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El autor Oscar Dieste ha publicado 4 artículo(s):

1 - Diferencias entre las Actividades de Mantenimiento en los Procesos de Desarrollo Tradicional y Open Source

Antecedentes. La creciente importancia del Open Source Software (OSS) ha llevado a los investigadores a estudiar cómo los procesos OSS difieren de los procesos de la ingeniería del software tradicional. Objetivo. Determinar las diferencias y similitudes entre las actividades del proceso de mantenimiento seguido por la comunidad OSS y el establecido por el estándar IEEE 1074:2006. Método. Para conocer las actividades que conforman el proceso de desarrollo OSS realizamos un Systematic Mapping Study. Posteriormente, realizamos un emparejamiento entre las actividades del estándar IEEE 1074:2006 con las actividades del proceso OSS. Resultados. Encontramos un total de 22 estudios primarios. De estos estudios, el 73% contaban con actividades relacionadas con el proceso de mantenimiento. Conclusiones. El proceso de mantenimiento tradicional del software no encaja con lo que ocurre en la comunidad OSS. En su lugar, puede ser mejor caracterizar la dinámica general de la evolución OSS como reinvención. Esta reinvención emerge continuamente de la adaptación, aprendizaje, y mejora de las funcionalidades y calidad del OSS. Los proyectos OSS evolucionan a través de mejoras menores donde participan tanto usuarios como desarrolladores.

Autores: John W. Castro / Silvia T. Acuña / Oscar Dieste / 
Palabras Clave: Open Source Software - Proceso de Mantenimiento - Systematic Mapping Study

3 - Empirical Evaluation of the Effects of Experience on Code Quality and Programmer Productivity: An Exploratory Study (Artículo Relevante)

Context. There is a widespread belief in both SE and other branches of science that experience helps professionals to improve their performance. However, cases have been reported where experience not only does not have a positive influence but sometimes even degrades the performance of professionals. Aim. Determinewhether years of experience influence programmer performance. Method. We have analysed 10 quasi-experiments executed both in academia with graduate and postgraduate students and in industry with professionals. The experimental task was to apply ITLD on two experimental problems and then measure external code quality and programmer productivity. Results. Programming experience gained in industry does not appear to have any effect whatsoever on quality and productivity. Overall programming experience gained in academia does tend to have a positive influence on programmer performance. These two findings may be related to the fact that, as opposed to deliberate practice, routine practice does not appear to lead to improved performance. Experience in the use of productivity tools, such as testing frameworks and IDE also has positive effects. Conclusion. Years of experience are a poor predictor of programmer performance. Academic background and specialized knowledge of task-relatedaspects appear to be rather good predictors.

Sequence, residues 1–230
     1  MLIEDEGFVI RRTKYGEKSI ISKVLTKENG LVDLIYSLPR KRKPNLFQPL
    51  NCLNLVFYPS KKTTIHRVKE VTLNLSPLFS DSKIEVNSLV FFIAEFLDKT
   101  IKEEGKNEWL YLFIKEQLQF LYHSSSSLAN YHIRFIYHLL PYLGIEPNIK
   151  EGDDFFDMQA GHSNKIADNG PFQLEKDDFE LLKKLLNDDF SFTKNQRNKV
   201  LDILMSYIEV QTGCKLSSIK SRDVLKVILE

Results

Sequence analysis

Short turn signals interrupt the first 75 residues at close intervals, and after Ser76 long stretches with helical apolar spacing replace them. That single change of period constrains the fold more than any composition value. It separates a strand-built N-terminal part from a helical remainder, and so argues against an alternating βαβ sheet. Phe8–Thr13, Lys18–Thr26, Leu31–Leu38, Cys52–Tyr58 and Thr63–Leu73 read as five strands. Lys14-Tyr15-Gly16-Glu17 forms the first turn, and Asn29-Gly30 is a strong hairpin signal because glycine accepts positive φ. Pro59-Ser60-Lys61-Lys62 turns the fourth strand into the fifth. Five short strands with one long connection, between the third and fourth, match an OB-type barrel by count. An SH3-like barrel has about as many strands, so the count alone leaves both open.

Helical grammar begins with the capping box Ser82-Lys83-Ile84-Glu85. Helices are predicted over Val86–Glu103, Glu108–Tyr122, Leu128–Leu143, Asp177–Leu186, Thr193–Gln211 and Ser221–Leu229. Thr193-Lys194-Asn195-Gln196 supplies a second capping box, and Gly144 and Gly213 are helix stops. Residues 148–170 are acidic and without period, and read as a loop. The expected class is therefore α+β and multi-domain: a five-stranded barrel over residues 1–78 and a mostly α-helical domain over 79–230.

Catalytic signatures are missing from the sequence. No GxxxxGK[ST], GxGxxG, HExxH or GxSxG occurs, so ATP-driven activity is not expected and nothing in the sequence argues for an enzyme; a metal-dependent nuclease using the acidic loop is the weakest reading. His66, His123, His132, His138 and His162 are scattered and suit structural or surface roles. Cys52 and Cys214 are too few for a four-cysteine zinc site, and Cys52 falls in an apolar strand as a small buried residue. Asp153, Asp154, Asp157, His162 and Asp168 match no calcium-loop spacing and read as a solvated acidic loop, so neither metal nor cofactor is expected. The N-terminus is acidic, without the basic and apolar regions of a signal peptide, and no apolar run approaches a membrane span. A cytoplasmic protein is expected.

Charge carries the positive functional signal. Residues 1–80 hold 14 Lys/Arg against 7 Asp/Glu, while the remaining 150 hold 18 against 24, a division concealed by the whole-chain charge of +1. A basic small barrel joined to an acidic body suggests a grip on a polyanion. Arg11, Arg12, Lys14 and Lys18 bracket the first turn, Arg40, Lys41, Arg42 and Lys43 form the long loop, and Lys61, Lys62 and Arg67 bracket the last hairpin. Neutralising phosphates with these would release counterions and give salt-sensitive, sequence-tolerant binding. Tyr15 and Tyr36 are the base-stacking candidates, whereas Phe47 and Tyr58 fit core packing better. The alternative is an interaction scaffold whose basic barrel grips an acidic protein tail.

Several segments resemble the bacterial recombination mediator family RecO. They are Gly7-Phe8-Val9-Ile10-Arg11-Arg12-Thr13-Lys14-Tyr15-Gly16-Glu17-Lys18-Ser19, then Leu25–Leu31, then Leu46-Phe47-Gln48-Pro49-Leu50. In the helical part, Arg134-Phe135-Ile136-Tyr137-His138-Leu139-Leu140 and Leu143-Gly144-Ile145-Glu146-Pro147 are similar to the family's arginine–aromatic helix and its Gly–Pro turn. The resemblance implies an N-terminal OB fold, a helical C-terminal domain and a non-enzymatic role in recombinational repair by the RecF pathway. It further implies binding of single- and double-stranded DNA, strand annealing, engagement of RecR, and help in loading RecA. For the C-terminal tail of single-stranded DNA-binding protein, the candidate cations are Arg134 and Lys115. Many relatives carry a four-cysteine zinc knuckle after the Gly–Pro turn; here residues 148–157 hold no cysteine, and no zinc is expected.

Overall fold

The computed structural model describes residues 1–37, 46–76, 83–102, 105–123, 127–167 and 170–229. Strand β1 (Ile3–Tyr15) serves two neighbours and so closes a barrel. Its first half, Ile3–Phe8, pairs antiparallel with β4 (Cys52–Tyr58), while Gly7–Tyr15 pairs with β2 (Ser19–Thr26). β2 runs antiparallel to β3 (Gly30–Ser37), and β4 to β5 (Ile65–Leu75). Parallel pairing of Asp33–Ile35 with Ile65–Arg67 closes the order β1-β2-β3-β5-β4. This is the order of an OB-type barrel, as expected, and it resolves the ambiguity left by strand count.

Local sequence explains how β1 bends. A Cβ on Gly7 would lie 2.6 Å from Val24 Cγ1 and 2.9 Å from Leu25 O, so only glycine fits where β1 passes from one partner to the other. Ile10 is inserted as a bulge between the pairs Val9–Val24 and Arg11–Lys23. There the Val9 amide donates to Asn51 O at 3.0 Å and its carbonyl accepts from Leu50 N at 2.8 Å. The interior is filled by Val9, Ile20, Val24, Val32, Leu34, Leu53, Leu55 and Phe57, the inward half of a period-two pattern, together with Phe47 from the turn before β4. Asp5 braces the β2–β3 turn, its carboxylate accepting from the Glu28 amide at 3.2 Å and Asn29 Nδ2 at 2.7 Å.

Autores: Oscar Dieste / 
Palabras Clave: academy - experience - external quality - industry - iterative test-last development - Performance - productivity - programming

4 - Impact of usability mechanisms: An experiment on efficiency, effectiveness and user satisfaction

Context: As a software quality characteristic, usability includes the attributes of efficiency, effectiveness and user satisfaction. There are several recommendations in the literature on how to build usable software systems, but there are not very many empirical studies that provide evidence about their impact.Objective: We report an experiment carried out with users to understand the effect of three usability mechanisms +IBQ-Abort Operation, Progress Feedback and Preferences+IBQ on efficiency, effectiveness and user satisfaction. Usability mechanisms are functionalities that should, according to the HCI community, be implemented within a software system to increase its usability.Method: The experiment was conducted with 168 users divided into 24 experimental groups. Each group performs three online shopping tasks. We measure efficiency variables (number of clicks and time taken), effectiveness (percentage of task completion) and user satisfaction gathered from a questionnaire.Results: The adoption of Abort Operation has a signi++wE-cantly positive effect on efficiency (time taken), effectiveness and user satisfaction. The adoption of Progress Feedback does not appear to have any impact on any of the variables. The adoption of Preferences has a signi++wE-cantly positive effect on effectiveness and user satisfaction but no in++wI-uence on efficiency.Conclusions: We provide relevant evidence of the impact of the three usability mechanisms on efficiency, effectiveness and user satisfaction. In no case do the usability mechanisms degrade user performance. The effort to adopt Abort Operation and Preferences appears to be justi++wE-ed by the bene++wE-ts in terms of effectiveness and user satisfaction. Also Abort Operation enables the user to be more productive. We believe that the effects on efficiency, effectiveness and satisfaction depend not only on mechanism functionality but also on the problem domain. The impact of a mechanism in other contexts could differ. Therefore, we need to conduct further experiments to gather more evidence and con++wE-rm these results.

Autores: Juan M. Ferreira / Silvia T. Acuña / Oscar Dieste / Sira Vegas / Adrián Santos / Francy Rodríguez / Natalia Juristo / 
Palabras Clave: Effectiveness - Efficiency - Empirical study - Experimental design - Satisfaction - software engineering - Usability - Usability mechanism